Thread: Batteries
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Old 11-10-19, 08:24 PM
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Battery energy capacity which is the aH rating x Voltage is not referencing the power but the energy.
The 18650 cell format size comes in many different internal design variations that can give different performance for both the maximum power (the maximum discharge current). The energy is expressed in aH. The power in amps or C

One 18650 cell typically has a chemistry delivering it's aH at 'nominal' 3.75V going from 4.2V at full charge to 2.75V at full discharge or empty. This is the energy capacity. It is generally listed on the spec in maH Milliamphour for example 2600mah. If you put 4 of these in a row you get 10.4aH, many eBikes use this. If you put 5 of the same cell ina row you get 13aH and 25% more range.

If you take the row of 4 batteries and stick 13 of them end to end you get the 48V nominal battery you often see. Different chemistry will deliver different nominal Voltage. This type of pack would be 54V full charge and around 35V when discharged.
Putting 14 in a row gives 53V nominal.
The real energy in wH is the aH x the voltage but as the voltage varies a lot as a function of charge level and also discharge power the ah is what manufacturers count and quote.

So for the same Voltage you can get more energy by buying a battery with more aH.
You can get more aH by buying more batteries in a row example buying 13sx4p going to 13sx5p with same chemistry gives 25% more energy or by buying better chemistry 3000mah cell vs 2600mah.

For an eBike get the range from the aH but not the power
The power is measured by a different cell specification. The discharge rate often quoted in amps or in 'C' which is multiples of the nominal ah rating of the cell.
If you drain a battery at less than 1C 2.6amp for 2600mah cell it will last many cycles. If you drain it at 4C, 10amp it's life will be shorter. Each cell design had it's maximum recommended discharge rate.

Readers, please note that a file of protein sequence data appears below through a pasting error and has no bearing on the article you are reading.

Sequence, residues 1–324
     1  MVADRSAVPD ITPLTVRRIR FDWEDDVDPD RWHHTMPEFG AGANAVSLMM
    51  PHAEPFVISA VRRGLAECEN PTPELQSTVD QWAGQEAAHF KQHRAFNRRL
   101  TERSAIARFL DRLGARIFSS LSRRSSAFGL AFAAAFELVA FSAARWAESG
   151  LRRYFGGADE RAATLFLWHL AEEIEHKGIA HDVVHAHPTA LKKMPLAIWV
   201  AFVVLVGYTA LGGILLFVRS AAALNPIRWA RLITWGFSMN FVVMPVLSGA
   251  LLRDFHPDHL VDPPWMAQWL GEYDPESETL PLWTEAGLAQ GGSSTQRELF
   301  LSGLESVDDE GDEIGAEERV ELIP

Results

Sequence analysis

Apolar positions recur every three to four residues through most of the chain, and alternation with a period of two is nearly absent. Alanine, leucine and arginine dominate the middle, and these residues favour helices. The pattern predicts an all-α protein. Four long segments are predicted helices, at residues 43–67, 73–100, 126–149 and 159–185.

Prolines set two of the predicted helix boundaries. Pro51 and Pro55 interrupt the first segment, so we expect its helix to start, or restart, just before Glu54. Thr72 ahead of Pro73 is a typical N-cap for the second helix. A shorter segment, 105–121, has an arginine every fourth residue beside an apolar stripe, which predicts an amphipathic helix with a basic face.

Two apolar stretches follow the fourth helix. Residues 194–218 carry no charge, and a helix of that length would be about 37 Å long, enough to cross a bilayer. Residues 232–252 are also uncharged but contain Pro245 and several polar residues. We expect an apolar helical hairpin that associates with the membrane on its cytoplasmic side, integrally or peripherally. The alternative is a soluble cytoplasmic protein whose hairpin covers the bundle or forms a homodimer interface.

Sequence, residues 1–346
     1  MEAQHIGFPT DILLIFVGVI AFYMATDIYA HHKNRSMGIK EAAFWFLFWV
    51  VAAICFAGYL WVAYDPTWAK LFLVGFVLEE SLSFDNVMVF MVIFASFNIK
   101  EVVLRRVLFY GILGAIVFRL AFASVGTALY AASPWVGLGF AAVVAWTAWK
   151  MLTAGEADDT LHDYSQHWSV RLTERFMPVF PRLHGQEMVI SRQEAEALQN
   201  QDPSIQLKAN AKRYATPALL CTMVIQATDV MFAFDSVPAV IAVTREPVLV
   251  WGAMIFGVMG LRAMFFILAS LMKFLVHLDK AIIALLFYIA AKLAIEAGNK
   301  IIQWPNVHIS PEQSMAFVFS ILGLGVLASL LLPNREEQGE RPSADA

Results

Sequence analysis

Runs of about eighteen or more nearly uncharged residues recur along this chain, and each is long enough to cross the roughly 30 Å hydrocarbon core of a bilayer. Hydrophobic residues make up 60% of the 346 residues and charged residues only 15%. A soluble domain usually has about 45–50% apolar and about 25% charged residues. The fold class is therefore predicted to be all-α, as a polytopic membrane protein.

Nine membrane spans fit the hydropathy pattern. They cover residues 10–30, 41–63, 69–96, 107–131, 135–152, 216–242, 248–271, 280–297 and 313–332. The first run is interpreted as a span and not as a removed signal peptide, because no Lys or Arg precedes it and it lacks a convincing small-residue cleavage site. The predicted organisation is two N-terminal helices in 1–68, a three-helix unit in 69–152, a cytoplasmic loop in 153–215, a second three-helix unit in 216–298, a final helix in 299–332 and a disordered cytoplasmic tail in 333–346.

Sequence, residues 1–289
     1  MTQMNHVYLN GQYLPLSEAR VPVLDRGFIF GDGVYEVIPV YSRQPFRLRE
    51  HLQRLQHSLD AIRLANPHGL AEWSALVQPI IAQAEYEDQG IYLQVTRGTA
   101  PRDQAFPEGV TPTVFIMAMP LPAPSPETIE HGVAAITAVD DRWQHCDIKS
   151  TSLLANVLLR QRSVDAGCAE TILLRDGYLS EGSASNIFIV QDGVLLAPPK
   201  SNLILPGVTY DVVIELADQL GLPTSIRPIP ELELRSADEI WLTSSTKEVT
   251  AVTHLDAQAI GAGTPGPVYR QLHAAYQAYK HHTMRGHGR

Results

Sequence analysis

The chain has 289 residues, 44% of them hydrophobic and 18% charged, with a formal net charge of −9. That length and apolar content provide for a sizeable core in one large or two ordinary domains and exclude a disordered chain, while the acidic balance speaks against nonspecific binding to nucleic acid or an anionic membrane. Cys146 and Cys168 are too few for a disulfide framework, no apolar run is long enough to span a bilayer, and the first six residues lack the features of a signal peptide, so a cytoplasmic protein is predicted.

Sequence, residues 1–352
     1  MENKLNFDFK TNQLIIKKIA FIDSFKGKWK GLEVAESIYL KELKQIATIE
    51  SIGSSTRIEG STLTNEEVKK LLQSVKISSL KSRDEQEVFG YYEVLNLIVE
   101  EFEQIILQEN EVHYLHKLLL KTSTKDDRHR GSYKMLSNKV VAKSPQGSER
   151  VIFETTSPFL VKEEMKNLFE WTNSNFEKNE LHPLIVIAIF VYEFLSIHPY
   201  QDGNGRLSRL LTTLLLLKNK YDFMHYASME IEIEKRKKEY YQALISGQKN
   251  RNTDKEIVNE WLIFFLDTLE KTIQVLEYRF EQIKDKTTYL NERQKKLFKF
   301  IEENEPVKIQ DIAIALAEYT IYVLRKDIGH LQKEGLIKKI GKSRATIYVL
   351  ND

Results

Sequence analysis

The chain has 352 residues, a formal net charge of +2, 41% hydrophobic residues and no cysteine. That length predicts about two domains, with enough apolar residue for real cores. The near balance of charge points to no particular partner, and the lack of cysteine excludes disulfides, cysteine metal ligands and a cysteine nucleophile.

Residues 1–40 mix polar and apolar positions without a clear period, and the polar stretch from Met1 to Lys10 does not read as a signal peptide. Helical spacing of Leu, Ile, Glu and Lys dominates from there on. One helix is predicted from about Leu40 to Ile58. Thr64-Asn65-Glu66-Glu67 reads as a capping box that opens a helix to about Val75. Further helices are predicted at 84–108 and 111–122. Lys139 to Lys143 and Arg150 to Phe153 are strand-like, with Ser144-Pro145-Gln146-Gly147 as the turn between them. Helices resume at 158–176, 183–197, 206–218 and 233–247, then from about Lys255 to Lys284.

The designer selects the cell to give enough amps and power for the application. For a high powered mountain climbing beast you want lots of amps and have a motor or controller to suit. For this you need a cell with very high discharge current capability which often don't last as long. Radio control devices also like lots of current For a long range commuting eBike range is more critical and designer will focus on ah not discharge rate to give you best range You need enough amp to meet the thirst of your motor and controller. There are literally thousands of different varieties of ah and discharge rate capability out there and the battery used in your device is selected for the application needs.

So to review a battery pack, learn it's construction (# in series x # in parallel) eg 13sx4p
Compare to the quoted voltage and aH or wH rating and you can guess at the cell spec.
Check the maximum discharge rate.

If possible get the cell specific info
Learn its cell and chemistry if you can (example Samsung 18650 2600mah)

The are many online independent test reports for individual cells where you can then check your devices characteristics during charge discharge and life time cycles.
You can also estimate the amount of sag or voltage drop you would expect under load.
It is well worth doing your research as there are many marketing ploys out there to trip up the uninformed buyer.

If you change designers selection be ready for surprises. Your controller and motor may not be capable to eat what you throw at it. For example adding extra aH at same voltage generally will also increase Max amps.
Adding extra voltage (series) may give you more power and range but your controller may drain it too far reducing life and increasing chance of destroying your pack.
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